‘Please, there’s no need for violence,’ Anesti called. ‘We’re civilised people.’ But like gas released from a bottle of soda water, there was no going back. The local men from her husband’s party rushed forward and pulled Anesti off the podium.

All at once Loula was alone with the children on the raised platform. They were like a row of pigeons on a fence. Dust blew up from the ground, chocking the dry air as the crowd twisted this way and that. Some ran, others held firm, punching and kicking almost carelessly. The noise was alarming. Two stray dogs barked and all the while the baby screamed. These ruffians were no different from the Turks who raided Christian villages, back in Pontos. Killing men, defiling women, stealing. Were all men savages at heart?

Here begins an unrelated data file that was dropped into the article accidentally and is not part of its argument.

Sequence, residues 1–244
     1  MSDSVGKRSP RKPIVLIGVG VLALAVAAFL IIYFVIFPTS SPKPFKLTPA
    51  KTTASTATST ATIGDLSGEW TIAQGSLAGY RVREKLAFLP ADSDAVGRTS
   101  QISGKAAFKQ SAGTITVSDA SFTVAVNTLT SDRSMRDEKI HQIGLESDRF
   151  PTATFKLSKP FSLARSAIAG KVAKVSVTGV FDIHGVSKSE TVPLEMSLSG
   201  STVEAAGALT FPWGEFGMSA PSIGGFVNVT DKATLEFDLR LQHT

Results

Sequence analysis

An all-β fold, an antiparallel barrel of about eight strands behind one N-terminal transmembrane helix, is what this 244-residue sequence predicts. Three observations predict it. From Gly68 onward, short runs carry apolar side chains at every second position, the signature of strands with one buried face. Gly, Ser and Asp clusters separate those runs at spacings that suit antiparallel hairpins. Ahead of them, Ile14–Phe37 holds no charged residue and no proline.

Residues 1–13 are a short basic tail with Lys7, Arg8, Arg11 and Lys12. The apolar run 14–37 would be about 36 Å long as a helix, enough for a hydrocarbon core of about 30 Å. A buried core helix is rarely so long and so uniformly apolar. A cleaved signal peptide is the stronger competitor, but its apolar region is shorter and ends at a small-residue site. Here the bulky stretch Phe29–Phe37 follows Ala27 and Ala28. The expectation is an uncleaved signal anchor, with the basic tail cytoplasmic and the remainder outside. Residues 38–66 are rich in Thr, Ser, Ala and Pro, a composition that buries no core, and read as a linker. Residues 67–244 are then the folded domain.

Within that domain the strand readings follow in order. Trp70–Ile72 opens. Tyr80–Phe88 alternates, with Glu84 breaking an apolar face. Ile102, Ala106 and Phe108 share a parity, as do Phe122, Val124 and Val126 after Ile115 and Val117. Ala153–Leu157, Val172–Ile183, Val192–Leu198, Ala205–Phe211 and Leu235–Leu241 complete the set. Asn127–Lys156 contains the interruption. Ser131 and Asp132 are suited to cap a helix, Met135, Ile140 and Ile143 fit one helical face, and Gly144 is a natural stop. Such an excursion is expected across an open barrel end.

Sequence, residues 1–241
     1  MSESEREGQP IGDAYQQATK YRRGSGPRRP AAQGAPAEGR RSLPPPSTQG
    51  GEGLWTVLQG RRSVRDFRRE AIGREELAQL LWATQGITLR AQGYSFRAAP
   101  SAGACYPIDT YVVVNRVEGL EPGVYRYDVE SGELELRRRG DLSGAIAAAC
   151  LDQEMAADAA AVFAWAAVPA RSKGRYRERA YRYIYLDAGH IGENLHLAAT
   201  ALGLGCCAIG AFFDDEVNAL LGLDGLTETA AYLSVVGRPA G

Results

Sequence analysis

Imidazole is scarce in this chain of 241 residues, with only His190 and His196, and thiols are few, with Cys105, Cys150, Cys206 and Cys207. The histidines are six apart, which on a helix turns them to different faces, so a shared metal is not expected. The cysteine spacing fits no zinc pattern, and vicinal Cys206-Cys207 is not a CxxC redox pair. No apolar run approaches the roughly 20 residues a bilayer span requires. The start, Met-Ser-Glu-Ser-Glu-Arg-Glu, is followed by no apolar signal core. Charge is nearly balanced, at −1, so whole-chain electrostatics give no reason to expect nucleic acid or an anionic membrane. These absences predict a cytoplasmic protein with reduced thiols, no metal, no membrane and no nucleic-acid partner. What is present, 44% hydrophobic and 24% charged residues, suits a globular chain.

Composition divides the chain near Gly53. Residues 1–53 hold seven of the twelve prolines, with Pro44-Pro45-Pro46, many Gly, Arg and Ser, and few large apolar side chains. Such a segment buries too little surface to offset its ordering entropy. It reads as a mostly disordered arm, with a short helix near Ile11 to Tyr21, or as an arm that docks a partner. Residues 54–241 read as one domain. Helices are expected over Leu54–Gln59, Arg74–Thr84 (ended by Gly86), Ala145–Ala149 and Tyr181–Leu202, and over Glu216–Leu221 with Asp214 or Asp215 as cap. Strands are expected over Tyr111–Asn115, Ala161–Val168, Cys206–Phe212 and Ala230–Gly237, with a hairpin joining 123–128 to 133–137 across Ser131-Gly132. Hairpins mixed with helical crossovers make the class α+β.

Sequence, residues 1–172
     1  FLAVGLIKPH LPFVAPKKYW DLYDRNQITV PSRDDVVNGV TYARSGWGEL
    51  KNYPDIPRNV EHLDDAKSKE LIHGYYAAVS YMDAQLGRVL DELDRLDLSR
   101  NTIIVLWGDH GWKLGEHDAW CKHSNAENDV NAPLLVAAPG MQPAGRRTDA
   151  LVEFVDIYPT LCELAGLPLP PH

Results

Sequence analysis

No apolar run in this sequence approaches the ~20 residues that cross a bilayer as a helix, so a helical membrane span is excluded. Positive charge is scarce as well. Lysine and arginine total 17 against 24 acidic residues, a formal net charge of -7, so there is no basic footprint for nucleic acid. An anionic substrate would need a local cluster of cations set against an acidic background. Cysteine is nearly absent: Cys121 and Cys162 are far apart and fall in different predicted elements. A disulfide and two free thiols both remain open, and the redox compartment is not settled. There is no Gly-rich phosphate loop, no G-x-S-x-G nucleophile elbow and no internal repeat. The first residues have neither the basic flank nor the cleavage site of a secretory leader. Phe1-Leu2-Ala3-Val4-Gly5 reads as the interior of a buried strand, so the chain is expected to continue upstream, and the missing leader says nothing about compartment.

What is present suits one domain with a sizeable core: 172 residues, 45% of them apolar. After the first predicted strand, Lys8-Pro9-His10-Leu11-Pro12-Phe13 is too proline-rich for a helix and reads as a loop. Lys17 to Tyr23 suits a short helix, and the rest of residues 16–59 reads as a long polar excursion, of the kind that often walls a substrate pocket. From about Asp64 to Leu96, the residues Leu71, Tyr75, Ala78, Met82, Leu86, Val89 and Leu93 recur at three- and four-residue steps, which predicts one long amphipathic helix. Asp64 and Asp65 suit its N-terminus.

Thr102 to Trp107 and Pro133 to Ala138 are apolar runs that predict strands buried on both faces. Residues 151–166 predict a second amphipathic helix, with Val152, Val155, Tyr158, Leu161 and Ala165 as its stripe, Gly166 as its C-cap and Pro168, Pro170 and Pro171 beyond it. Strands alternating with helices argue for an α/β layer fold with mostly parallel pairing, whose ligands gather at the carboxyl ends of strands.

Anesti. She had lost sight of Anesti. The wretchedness and uncertainty of their years apart pulled the breath out of her. She felt her legs weaken, as she did the day Aristotle and one of the other teachers brought Anesti home, when he was beaten and his wedding ring stolen. His face, unrecognisable, sprang to mind. Loula shut her eyes but the image remained, etched inside her lids. Blood. So much blood. His lips purple. Swollen to bursting. A patch of skin turning blue-black. Spreading across his cheek. Vivid as a nightmare.

‘Courage Loula. He is alive,’ Aristotle said. ‘It could have been worse.’

It can always be worse.

Such a dear man. A gentle soul. Like her papa. Of course good men existed, but God seemed to take them first.

‘Mitso, quickly now,’ she said, regaining her composure. Fainting would help no one. She had her children to protect. ‘Follow your father. I’m right behind you.’ She held Athena close to her chest, even as the baby wailed. When she looked up, the man in the brown trilby was suddenly before her. His face was dirty from the fall and his hat crushed.